Parents learn to help children with reading

Parents holding their certificates after completing a seven-week Wordworks course. At the back from left are, Janita Wichman, Liana Tillings, Louise Wichman and Crystalline Jones. In the middle are Shaney Delport, Joslyn Isaacs, Anadia du Plooy, Moira September, Sanet Strauss, Natalie Southgate, Jacky Opperman, Rhuwayda Petersen, Lanthea Pockpas and Charmaine van Wyk and in front from left are, Anthea Elliott, Charmaine Louis, Dominique Richter, Crazlin Moeroedoe, Lee-Anne Cloete, Sheila Erickson and Edith Vermeulen.

Sentinel Primary and the Hangberg Pre-Primary schools have taken reading to a new level for Grade R and Grade 1 pupils with the Wordworks early literacy programme (ELP).

Sentinel Primary School has hosted the home-school partnership programme for the past six years and programme facilitator and Grade R teacher Anthea Elliot says the results are unbelievable and will help parents get involved with their children’s education.

The Wordworks ELP trains volunteers to provide targeted support to children in Grades R and Grade 1 who are at risk of falling behind with their reading and writing. It also offers a seven-week intervention programme for parents to help with informal learning and reading at home.

Hangberg Education Trust (HET) executive member and Wordworks facilitator, Tania Gray, said the idea of the programme was to create a love for books and reading.

There are 120 Grade R pupils between the two schools, and Ms Gray said volunteers working with the children were trained in ELP methodology and men-tored throughout the programme. Schools were also supplied with the necessary resources, including books.

The Wordworks programme runs on Wednesdays and Thursdays, from 8.30am to 10am.

Volunteers work with two children at a time for half an hour. Activities include reading, writing something based on what has been read and playing word and sound games.

“The volunteers make reading fun and books exciting and so creating a need with the children to consume information,” Ms Gray said.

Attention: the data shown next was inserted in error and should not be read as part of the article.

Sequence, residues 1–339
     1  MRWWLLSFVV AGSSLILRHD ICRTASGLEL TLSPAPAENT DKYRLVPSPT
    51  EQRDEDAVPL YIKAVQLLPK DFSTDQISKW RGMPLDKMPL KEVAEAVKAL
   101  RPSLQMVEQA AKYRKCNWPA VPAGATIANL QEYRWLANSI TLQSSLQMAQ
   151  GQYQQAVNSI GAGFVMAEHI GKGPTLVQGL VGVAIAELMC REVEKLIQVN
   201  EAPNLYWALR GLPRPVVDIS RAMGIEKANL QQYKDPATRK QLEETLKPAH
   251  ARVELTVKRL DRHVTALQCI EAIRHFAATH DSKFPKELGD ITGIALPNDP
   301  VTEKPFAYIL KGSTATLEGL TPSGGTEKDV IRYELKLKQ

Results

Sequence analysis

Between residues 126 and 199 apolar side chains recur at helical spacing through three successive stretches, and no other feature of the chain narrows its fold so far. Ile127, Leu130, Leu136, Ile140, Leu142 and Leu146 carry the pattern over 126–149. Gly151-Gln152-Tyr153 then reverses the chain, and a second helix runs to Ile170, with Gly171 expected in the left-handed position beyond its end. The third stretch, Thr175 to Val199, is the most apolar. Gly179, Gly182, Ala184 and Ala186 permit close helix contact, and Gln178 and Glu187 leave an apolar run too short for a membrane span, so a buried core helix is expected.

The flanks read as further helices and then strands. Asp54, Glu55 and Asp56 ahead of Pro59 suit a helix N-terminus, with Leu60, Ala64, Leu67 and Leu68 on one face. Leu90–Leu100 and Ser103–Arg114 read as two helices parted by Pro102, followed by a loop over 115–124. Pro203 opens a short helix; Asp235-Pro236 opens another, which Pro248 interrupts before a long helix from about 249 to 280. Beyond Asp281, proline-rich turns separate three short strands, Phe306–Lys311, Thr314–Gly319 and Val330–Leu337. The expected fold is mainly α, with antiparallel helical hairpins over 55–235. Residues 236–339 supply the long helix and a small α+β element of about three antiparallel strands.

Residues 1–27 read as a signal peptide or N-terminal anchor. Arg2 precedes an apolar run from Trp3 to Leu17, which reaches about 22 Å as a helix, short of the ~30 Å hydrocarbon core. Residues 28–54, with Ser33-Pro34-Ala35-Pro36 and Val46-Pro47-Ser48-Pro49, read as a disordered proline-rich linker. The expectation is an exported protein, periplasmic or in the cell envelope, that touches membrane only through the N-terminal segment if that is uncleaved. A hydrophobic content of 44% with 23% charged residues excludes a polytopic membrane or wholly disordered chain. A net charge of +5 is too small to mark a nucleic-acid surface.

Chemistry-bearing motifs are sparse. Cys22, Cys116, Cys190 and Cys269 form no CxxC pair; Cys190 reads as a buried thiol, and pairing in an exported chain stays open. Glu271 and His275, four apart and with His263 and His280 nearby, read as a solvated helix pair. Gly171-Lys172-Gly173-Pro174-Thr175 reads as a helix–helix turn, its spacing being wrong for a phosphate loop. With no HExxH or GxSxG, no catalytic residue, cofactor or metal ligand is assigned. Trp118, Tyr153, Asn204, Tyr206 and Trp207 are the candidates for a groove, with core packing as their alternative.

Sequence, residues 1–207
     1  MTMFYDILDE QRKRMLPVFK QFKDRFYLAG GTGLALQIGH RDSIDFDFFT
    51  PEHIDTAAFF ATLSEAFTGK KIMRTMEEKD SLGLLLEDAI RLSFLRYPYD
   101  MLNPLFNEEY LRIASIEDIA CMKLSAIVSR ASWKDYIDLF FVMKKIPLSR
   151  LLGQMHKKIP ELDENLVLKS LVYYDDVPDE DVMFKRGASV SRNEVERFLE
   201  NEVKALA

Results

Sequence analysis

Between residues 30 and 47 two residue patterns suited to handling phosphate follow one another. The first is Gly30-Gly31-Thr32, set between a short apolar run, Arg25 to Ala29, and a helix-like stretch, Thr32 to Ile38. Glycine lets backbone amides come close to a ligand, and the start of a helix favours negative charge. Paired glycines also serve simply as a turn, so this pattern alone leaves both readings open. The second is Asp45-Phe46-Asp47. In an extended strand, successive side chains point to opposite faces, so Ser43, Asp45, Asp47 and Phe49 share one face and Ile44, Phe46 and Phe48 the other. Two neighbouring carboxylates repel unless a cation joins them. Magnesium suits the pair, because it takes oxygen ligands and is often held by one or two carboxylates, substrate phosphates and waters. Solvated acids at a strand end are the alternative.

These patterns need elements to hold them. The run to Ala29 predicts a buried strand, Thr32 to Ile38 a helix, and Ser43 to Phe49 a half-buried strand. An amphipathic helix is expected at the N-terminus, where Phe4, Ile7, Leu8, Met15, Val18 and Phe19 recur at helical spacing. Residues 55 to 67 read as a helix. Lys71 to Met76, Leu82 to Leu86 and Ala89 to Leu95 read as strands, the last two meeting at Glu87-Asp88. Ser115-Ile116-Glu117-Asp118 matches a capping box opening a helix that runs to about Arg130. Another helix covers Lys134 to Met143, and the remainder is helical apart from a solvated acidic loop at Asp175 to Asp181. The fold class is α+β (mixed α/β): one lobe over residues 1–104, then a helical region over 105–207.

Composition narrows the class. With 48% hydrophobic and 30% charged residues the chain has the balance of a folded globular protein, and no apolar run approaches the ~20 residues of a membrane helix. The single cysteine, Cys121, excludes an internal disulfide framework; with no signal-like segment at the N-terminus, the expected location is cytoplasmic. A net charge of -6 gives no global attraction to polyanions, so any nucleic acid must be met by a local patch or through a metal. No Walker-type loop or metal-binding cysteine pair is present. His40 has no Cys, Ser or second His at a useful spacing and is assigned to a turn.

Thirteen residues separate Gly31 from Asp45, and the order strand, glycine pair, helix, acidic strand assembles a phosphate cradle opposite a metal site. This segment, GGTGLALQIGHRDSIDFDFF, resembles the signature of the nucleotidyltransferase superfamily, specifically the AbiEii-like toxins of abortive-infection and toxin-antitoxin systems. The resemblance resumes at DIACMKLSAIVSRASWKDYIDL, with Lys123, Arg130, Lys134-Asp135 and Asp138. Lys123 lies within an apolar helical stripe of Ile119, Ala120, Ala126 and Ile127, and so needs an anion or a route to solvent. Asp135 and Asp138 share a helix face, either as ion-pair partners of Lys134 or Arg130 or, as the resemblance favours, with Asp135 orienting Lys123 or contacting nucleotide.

An assessment of the children’s progress is done twice a year so teachers can gauge progress and focus on problem areas.

“The programme makes a huge difference in the children’s lives and helps them to cope better once they are in primary school,” said Ms Gray.

Ms Elliot said it was great to see how excited the parents are who participate. They learn how to help their children to read by making reading cards and word games among other things.

“Parents are not only empowered to help their children reach their full learning potential, but themselves as well,” she said.

At the end of the programme, participants receive a certificate.

Ms Elliot said the best part of the programme was that many parents realised their potential and many felt they needed to help serve their community further and signed up for the Wordworks volunteer programme.

“There are currently eight women volunteering their time to help learners in Grade R. One of the women is furthering her studies in early childhood development (ECD) and has opened her own aftercare, employing two of the participants and implementing all the knowledge acquired from both the Wordworks home-school partnership and volunteers programmes,” she said.